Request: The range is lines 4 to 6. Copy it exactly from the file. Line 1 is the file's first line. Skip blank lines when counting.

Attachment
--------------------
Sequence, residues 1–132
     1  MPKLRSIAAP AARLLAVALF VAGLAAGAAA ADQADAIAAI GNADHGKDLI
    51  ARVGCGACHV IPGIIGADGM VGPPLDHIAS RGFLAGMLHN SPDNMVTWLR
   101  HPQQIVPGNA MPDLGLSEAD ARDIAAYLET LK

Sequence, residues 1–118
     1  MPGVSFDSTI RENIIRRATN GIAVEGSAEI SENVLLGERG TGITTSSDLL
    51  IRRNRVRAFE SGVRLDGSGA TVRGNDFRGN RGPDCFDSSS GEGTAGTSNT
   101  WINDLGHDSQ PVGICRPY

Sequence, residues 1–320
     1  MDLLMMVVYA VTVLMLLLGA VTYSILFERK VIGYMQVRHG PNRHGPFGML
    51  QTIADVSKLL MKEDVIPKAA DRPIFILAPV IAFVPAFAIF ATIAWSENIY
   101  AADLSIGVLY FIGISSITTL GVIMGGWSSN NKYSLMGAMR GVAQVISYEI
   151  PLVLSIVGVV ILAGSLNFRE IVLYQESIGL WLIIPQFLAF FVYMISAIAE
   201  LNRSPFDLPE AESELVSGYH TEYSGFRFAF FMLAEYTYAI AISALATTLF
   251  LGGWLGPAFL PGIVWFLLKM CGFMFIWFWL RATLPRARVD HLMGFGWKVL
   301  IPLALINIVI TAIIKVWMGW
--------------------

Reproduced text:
   101  HPQQIVPGNA MPDLGLSEAD ARDIAAYLET LK

Sequence, residues 1–118
     1  MPGVSFDSTI RENIIRRATN GIAVEGSAEI SENVLLGERG TGITTSSDLL